Because E.F. Brady supplied and installed asbestos-containing products, our inquiry requires a fact-sensitive examination into whether the “service aspect predominate[d] and any product sale [was] merely incidental to the provision of the service.” (Pierson, 216 Cal.App.3d at p. 344, 264 Cal.Rptr. 673.) We assess E.F. Brady's role in providing the products in light of the policy considerations underlying the imposition of strict liability, namely, whether E.F. Brady was in a position to enhance product safety or exert pressure on the manufacturer to promote that end, and bear the costs of compensating for injuries. (Bay Summit, supra, 51 Cal.App.4th at p. 773, 59 Cal.Rptr.2d 322; Barth, supra, 265 Cal.App.2d at p. 253, 71 Cal.Rptr. 306.) As explained below, we conclude the trial court erred in granting nonsuit on the Hernandezcuevas' strict liability claim.
In view of the evidence concerning E.F. Brady's practices in submitting bids, a jury could reasonably find that E.F. Brady was more than an “occasional seller” of drywall and joint compounds (Rest.2d Torts, § 402A, com. (f), p. 350) whose provision of those products was merely incidental to its services (Pierson, 216 Cal.App.3d at p. 344, 264 Cal.Rptr. 673). Like the dealer in Barth, E.F. Brady derived a considerable benefit from supplying the products, as that was essential to obtaining its subcontracting work. During the mid–1970's, E.F. Brady was a large drywall installation firm whose relevant contracts always involved the provision of drywall and related materials. Indeed, Lombardo stated that E.F. Brady could not have secured work without offering to provide the requisite materials and including the costs of those materials in its bids.
E.F. Brady's role in the stream of commerce relating to the products was significant in other respects. As in Barth, E.F. Brady's contract for the Fluor project was structured to recoup or defray the costs of the materials—without necessarily ensuring a profit regarding those costs—while providing for payment for the installation services. For E.F. Brady, however, those costs were substantial, as they ordinarily constituted 25 percent of the amount of a bid. Accordingly, in the case of E.F. Brady's $2,024,272 Fluor project contract, the costs of the materials passed through to Fluor approximated $500,000. Furthermore, although E.F. Brady had no dealership contract with Kaiser and Hamilton, E.F. Brady used their products when necessary to fulfill its contracts. That ongoing relationship was sufficient to command the personal attention of Kaiser's and Hamilton's representatives to E.F. Brady's concerns regarding the products. Thus, when Kaiser joint compound proved to be ineffective during the Fluor project, those representatives went to the jobsite to address the problem.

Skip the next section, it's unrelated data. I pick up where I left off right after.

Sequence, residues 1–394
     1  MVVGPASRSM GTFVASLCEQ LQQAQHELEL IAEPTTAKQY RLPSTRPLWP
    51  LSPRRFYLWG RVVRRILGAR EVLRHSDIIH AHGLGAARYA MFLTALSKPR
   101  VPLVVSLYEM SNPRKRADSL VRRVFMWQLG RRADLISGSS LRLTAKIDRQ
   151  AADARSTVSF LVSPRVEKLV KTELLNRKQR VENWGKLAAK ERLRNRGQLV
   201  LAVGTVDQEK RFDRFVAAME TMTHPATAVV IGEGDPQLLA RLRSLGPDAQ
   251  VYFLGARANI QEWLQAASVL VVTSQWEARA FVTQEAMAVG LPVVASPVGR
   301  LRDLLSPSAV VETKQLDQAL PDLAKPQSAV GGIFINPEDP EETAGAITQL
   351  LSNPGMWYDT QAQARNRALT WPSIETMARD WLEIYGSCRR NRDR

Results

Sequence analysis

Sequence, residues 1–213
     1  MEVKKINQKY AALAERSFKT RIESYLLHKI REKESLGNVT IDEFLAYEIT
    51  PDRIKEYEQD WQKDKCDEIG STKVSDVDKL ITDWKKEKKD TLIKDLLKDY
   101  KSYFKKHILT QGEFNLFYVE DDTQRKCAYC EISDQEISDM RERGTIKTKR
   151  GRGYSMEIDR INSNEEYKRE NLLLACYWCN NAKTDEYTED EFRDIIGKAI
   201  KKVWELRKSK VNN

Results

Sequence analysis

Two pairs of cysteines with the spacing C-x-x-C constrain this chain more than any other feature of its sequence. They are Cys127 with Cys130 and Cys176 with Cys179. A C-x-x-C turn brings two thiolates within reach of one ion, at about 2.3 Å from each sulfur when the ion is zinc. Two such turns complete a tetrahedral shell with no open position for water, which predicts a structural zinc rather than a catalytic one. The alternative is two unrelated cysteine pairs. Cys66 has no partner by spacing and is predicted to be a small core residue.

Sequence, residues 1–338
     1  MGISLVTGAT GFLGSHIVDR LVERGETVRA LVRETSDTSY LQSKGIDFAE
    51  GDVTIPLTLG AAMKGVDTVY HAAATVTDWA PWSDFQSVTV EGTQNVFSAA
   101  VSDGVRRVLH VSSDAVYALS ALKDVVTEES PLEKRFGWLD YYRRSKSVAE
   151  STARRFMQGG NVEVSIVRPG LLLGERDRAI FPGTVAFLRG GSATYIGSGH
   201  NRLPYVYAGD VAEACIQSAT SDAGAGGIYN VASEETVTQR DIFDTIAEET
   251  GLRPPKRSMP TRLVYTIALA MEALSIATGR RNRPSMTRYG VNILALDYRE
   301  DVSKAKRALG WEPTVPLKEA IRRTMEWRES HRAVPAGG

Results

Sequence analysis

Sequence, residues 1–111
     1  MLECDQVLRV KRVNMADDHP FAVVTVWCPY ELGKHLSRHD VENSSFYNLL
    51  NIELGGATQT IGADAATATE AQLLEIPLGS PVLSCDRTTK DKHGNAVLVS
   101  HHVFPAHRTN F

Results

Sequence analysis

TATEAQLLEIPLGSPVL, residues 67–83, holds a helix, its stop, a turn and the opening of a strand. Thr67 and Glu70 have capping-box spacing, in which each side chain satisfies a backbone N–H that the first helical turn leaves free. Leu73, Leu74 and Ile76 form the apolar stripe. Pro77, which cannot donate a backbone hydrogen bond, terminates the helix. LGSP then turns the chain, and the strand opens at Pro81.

Viewed in light of the policies underlying the doctrine of strict liability, the Hernandezcuevas' evidence sufficed to show that E.F. Brady was involved in the stream of commerce relating to the defective products. E.F. Brady was capable of bearing the costs of compensating for injuries due to the products, as it was a subcontractor specializing in heavy commercial projects, made sizeable purchases of the defective products, and always arranged to pass its material costs through to the ultimate user. Moreover, due to E.F. Brady's relationship with Kaiser and Hamilton, it was “ ‘in a position to exert pressure on the manufacturer’ ” to improve product safety. (Bay Summit, supra, 51 Cal.App.4th at p. 773, 59 Cal.Rptr.2d 322.)